No. of Recommendations: 24
Much of the results we achieve in investing are out of our control. We might not like the policies put forth by politicians or the Fed, but we are married to them for better or worse. It is fine for us to criticize the actions that are out of our control, as long as we do not lose focus on what we can control. Clearly we should spend the majority of our time on what we can control.

David Merkel has an excellent financial blog called “The Aleph Blog.” I read the blog on a regular basis and almost always learn something. Yesterday, David has a succinct post entitled “Focus on what you can Control.” [1] He lists five points:

1. You can control your own behavior. You can’t control the behavior of others, whether it is those who invest alongside you, or manager behavior, or that of clients who invest more and less at the wrong times. Optimal behavior might mean buying things out-of-favor after the fury of selling has gone cold.

2. If you are a manager, you can guide, but not control client expectations. You can educate them on your willingness to take risk, but you can’t control their emotions.

3. As a manager, you can tell investors the mandate toward which you are managing — and then you must manage within it, because your investors expect it.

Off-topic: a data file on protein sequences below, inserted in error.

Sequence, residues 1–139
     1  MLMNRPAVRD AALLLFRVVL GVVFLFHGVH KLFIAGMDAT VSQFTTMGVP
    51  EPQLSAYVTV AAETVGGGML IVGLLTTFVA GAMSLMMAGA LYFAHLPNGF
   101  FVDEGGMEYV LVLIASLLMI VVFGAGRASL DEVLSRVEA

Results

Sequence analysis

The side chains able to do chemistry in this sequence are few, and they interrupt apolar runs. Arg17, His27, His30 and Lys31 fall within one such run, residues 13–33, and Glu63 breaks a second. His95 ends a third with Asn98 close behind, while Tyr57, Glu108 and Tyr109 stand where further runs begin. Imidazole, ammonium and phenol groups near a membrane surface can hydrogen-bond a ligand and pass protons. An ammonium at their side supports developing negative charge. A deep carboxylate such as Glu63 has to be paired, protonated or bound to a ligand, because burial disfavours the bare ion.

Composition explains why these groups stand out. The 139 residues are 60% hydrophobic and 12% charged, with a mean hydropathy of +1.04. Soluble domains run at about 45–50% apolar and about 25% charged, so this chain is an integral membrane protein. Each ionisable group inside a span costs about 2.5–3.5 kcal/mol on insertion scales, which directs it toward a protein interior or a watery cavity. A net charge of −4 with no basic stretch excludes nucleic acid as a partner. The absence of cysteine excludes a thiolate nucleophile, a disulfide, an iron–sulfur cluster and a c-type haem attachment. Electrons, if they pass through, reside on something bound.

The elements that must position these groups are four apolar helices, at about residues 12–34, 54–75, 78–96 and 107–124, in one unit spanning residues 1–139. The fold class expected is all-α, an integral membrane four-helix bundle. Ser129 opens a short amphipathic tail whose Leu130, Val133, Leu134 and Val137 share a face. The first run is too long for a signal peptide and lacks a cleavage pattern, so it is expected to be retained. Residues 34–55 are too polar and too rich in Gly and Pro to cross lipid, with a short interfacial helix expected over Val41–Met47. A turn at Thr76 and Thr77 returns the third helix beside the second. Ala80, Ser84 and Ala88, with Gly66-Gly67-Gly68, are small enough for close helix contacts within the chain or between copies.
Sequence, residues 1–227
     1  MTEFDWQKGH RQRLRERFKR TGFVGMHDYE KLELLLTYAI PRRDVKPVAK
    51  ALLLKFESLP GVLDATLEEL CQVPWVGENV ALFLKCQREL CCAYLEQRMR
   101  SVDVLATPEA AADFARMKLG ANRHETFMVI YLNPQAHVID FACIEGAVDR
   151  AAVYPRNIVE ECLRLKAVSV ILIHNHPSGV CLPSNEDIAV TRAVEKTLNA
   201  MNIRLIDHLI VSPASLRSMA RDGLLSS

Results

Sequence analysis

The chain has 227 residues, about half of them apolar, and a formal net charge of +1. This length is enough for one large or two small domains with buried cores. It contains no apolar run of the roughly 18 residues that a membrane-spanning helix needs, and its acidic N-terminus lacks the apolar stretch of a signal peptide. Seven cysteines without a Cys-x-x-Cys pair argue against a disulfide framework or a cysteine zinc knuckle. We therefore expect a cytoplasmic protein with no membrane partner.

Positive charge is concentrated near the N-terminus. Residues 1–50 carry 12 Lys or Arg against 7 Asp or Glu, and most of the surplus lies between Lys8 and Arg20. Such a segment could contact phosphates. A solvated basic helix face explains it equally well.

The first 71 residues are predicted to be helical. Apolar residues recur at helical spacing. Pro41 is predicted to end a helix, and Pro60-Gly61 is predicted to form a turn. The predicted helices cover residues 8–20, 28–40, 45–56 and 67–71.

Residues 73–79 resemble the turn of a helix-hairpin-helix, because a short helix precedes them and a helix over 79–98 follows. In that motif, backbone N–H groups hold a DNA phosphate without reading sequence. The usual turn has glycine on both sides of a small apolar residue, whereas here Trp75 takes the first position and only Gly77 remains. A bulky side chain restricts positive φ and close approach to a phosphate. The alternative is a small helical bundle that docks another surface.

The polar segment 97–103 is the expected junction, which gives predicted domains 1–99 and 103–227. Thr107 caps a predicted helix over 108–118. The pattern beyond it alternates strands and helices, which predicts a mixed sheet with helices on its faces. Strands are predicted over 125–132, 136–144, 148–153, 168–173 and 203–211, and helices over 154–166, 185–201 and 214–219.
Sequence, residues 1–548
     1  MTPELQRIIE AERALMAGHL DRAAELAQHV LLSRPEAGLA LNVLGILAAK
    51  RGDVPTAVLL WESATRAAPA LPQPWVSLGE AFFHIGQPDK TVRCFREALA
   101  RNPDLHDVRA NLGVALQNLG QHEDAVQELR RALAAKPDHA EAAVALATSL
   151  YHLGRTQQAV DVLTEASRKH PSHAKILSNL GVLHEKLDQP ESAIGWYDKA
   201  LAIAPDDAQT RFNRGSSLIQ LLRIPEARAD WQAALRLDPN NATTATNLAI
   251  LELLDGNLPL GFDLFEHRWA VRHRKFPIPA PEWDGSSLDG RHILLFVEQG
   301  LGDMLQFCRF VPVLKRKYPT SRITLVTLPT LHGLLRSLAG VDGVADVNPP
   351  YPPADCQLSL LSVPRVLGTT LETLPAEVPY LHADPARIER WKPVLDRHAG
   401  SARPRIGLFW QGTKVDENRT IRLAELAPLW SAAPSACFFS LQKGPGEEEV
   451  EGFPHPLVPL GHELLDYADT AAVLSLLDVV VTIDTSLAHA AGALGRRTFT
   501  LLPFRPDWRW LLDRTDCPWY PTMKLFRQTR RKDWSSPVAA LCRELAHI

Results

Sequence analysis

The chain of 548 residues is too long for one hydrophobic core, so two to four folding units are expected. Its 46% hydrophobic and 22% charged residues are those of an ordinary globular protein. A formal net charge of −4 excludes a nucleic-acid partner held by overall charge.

4. You must match the liquidity of investments to the need for liquidity. Value investors must stress patience. Hot money investors must keep things liquid. The same applies to time horizon.

5. Market conditions may be depressed or ecstatic. You can’t control movements in the mood of the market, but you can adjust your position so that you can benefit from likely future change, if valuation measures are extreme.

I think these are good rules to invest by. Yoda confesses that he has not always focused properly on items under his control. David’s points provide new inspiration that hopefully will inspire us all to be better investors.



[1] The Aleph Blog: Focus on what you can control
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No. of Recommendations: 2
if valuation measures are extreme

I've noticed when the market drops even well valed stocks drop right along with the dogs.

Current worry is the fiscal crisis in Washington. If they fail on a debt ceiling agreement the fiscal cliff will look like a Sunday school picnic.
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